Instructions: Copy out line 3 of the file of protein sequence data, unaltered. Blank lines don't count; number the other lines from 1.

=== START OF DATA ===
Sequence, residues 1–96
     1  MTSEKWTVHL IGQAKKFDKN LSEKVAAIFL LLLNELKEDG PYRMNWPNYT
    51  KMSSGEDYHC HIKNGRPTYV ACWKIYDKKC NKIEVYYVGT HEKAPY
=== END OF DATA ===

    51  KMSSGEDYHC HIKNGRPTYV ACWKIYDKKC NKIEVYYVGT HEKAPY